A 7.0-magnitude earthquake struck the Solomon Islands on Tuesday, swaying buildings, hurling items off shelves and briefly knocking out power in parts of the capital Honiara.

There were no reports of serious injuries or major structural damage.

"This was a big one," Joy Nisha, a receptionist with the Heritage Park Hotel in the capital told AFP.

"Some of the things in the hotel fell. Everyone seems OK, but panicky."

At one recently built mall, chunks of cladding were shaken loose, crushing the bonnet of a car and breaking the windshield.

The roof of an annexe at the Australian High Commission also collapsed, Prime Minister Anthony Albanese told parliament in Canberra, stating "there are no known injuries".

An AFP reporter in Honiara said the shaking lasted for around 20 seconds.

Power was immediately knocked out in some areas of the capital and phone lines were also down.

Across the city, people fled their homes and workplaces for higher ground, fearing a tsunami.

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Cars in the capital Honiara were damaged by falling debris / © AFP

"I was really scared because this is the first time I felt this kind of earthquake," said a manager at the Pacific Casino Hotel, who asked not to be named.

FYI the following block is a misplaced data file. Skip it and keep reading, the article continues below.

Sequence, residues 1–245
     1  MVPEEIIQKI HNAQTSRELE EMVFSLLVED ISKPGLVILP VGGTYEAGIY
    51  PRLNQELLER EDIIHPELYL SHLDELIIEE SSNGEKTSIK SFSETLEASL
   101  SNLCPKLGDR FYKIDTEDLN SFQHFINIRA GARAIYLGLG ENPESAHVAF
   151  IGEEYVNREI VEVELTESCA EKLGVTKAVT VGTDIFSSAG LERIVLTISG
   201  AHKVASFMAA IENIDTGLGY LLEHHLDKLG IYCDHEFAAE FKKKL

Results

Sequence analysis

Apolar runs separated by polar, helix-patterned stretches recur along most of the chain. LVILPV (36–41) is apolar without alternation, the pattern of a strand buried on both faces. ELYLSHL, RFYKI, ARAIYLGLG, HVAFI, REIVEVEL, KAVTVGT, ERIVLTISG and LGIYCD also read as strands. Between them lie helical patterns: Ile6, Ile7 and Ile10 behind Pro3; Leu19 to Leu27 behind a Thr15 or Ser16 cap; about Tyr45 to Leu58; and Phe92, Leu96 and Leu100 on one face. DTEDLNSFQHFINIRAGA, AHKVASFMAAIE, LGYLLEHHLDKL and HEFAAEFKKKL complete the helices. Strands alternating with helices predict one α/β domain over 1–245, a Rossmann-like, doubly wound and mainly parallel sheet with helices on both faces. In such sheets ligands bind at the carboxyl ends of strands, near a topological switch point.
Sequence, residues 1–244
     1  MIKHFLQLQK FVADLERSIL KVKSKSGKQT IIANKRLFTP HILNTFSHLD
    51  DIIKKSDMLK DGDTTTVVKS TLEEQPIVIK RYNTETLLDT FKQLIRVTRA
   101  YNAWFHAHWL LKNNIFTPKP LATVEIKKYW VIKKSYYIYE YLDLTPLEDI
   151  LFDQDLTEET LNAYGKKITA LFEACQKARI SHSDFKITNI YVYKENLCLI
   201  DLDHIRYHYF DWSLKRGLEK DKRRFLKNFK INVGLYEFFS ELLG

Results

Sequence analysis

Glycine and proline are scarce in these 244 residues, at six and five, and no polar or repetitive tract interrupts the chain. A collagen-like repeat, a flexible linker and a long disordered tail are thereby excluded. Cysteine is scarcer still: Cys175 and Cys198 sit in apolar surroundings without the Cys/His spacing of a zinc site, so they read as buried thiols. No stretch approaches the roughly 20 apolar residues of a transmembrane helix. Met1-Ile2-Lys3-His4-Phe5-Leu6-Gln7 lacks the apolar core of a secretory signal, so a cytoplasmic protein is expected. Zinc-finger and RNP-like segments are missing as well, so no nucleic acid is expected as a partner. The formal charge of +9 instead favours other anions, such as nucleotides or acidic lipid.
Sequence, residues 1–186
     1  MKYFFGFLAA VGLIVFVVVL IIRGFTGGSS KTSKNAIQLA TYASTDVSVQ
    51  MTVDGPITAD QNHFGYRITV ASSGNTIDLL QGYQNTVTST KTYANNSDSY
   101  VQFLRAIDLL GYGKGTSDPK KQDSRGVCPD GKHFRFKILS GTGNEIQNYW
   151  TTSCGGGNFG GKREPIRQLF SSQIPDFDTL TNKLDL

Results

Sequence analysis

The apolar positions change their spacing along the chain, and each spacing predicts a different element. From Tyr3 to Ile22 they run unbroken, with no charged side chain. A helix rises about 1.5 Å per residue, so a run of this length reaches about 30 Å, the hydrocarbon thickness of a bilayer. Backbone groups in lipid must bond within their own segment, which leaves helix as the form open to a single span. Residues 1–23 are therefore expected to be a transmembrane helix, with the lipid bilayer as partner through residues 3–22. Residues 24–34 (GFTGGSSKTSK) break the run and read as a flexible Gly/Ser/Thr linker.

"The building was really violently shaking," she said. "It was really strong, it made you move side to side."

Dozens of staff and guests fled the building to the relative safety of the car park, hoping not to be hit by debris on the way out.

The nation's attorney general, John Muria, posted images on social media of office files that had spilled from several large metal filing cabinets.

- Aftershocks -

The quake struck at a relatively shallow depth of 10 kilometres, just off the southwest coast of Guadalcanal island.

A tsunami warning had been issued for an area of the Solomons coast within 300 kilometres (185 miles) of the epicentre, but the UN-backed Pacific warning centre later said the threat had "largely" passed.

As nightfall approached, power was starting to return to Honiara, but local authorities urged caution.

"We expect aftershocks so people should stay alert around buildings and tall structures because of the size of the earthquake," said David Hiba Hiriasia, director of the Solomon Islands Meteorological Service.

Staff at one hospital were readying to evacuate patients if needed.

According to UN data, about 20,000 people live within 50 kilometres of the epicentre.

The Solomons -- a sprawling archipelago in the South Pacific -- is home to about 800,000 people.

The quake hit exactly a year after anti-government riots that killed at least three people and caused tens of millions of dollars in damage.